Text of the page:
You’ve probably heard about the magic that is supposed to happen when you practice Management by Walking Around. This is a term coined by management guru Tom Peters in the 1980s when he noticed that good managers communicate a lot better with their teams than do bad, or even average, managers. And they do it in informal ways, like hanging around in the office and chatting with team members instead of having formal interaction sessions in their offices or boardrooms. Strong communication between manager and staff tends to lead to strong productivity.
The idea of Management by Walking Around is to listen more than you talk. Listening to the people who are doing the work—and struggling with a problem of one sort or another–provides you with a level of understanding that you probably wouldn’t get any other way. Steve Jobs used to respond to a huge number of customer complaints and questions so he could understand what problems people were having with Apple’s software and hardware and do something about them.
Listening is the first part of effective communication. Then, after you hear and understand what others are saying to you, you will need to speak or write back to them. These communications should be clear, to the point, and focused on the goals your team is trying to achieve.
Communicating effectively is at the heart of good management. Good managers can communicate goals and other instructions so clearly that their team members understand what they are expected to do and, if necessary, how to do it, as well as when the project is due and how their work will be evaluated. Good managers are also able to listen to problems or concerns and respond appropriately to help team members achieve their goals.
If communicating effectively is not your strong suit, here are some tips you might consider:
- Find opportunities to listen to people from all levels of the organization. The higher up you are in the hierarchy, the more difficult this could be. But it’s worth the trouble. Chat with people, ask them what kinds of problems they are having at their jobs, and listen carefully to what they say. Work on not thinking about your reply while they’re still talking, but wait until they are finished before you decide how to respond.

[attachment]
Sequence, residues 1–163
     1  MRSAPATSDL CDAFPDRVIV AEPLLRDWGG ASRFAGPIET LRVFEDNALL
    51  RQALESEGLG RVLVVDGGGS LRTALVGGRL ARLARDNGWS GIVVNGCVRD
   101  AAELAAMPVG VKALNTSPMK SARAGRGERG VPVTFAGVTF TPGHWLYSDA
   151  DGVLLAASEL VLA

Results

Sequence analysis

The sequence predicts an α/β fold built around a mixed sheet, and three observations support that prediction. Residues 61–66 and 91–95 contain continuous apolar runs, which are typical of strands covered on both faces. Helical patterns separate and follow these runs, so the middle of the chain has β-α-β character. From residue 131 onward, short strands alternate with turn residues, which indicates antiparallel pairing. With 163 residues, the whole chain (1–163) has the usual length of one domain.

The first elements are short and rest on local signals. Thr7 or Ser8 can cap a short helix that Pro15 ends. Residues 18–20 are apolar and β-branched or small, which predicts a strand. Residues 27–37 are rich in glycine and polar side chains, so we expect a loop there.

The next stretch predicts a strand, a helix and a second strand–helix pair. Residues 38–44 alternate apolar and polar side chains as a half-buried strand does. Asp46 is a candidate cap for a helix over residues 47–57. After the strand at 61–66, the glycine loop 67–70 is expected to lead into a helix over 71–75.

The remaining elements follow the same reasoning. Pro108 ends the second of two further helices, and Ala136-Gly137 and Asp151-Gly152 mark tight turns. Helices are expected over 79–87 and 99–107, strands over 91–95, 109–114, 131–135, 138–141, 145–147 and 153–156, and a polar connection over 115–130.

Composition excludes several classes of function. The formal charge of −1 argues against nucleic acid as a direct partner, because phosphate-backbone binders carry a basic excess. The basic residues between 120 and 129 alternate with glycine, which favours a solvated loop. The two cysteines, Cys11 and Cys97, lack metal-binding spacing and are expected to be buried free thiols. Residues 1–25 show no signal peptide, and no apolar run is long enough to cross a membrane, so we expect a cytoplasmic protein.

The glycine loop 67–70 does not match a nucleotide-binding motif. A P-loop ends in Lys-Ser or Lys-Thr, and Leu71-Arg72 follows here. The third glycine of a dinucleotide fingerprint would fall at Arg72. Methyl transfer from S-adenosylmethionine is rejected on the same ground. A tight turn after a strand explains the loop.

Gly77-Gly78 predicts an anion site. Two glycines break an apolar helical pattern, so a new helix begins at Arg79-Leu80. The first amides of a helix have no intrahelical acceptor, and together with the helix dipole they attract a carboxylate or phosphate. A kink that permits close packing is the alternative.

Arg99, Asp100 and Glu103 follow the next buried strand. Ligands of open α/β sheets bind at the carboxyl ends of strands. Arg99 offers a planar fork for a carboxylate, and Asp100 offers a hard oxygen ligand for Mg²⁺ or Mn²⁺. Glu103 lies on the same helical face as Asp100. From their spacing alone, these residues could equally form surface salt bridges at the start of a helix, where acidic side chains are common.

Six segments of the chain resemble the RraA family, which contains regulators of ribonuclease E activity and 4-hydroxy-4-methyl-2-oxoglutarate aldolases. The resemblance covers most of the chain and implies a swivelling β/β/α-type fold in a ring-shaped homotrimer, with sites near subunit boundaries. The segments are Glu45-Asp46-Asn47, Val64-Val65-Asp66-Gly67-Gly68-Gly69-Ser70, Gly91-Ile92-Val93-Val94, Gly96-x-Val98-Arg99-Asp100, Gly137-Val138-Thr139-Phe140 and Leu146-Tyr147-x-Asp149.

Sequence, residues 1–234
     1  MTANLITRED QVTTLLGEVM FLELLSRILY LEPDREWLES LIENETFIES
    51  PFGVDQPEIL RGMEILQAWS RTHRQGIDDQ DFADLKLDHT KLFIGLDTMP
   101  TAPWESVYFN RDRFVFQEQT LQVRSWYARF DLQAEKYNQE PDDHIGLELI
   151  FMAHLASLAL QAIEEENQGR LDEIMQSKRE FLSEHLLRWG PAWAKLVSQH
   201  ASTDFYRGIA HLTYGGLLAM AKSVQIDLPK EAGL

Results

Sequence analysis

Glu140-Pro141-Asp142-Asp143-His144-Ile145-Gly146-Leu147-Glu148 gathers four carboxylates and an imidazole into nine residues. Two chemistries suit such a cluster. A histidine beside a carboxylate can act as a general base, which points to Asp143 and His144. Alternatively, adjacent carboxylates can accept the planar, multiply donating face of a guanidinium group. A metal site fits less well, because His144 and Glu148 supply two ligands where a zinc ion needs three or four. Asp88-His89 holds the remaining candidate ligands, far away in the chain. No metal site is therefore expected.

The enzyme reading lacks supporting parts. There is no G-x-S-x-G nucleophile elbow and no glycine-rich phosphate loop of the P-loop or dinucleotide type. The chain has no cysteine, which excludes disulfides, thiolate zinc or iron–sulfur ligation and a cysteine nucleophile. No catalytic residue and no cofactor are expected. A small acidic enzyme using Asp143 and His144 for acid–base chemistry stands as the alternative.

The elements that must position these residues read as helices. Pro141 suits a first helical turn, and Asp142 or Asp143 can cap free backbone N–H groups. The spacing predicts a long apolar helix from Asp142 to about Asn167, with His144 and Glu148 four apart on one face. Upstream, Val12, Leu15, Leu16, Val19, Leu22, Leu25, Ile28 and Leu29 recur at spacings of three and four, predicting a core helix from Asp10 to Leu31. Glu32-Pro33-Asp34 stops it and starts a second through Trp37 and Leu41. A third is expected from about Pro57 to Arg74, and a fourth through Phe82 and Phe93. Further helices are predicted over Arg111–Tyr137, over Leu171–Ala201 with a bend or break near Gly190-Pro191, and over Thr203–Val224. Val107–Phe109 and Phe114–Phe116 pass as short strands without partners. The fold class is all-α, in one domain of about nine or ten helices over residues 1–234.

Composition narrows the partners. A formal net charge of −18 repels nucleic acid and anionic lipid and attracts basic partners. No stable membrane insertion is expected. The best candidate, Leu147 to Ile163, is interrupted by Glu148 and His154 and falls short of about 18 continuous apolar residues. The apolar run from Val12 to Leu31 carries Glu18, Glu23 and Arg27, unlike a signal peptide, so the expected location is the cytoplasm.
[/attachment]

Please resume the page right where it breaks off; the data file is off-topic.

- If speaking in front of a group is a problem for you, consider enrolling in a class in public speaking or even taking an improv class. Your aim isn’t to be funny, but to be able to respond in the moment to questions or comments without getting flustered. Practice your speech in front of a mirror, or get someone who will be kind to critique it before you present it. Good speakers are not born, but made, through practice practice practice.
- If writing is a problem for you, ask someone who is good at it to help you craft your written messages. These, too, will get better with practice.
- It’s a lot more effective to deliver difficult messages in person, or even on the phone, than through email. When you communicate directly with people you can judge their reactions, respond immediately to any concerns, and convey the exact tone that you want. While it might be faster to send out an email, your message may not be as convincing or effective as it would if you took the time and effort to communicate it in person.
- To make sure that your audience understands your message, ask them to summarize, in their own words, what they thought they heard you say. Use this opportunity to clear up any misunderstandings. The people to whom you were speaking might have been thinking about how they were going to respond instead of listening carefully to your words. When they realize they may need to repeat the message back to you, they will listen even more carefully in the future. And you will reap the benefits.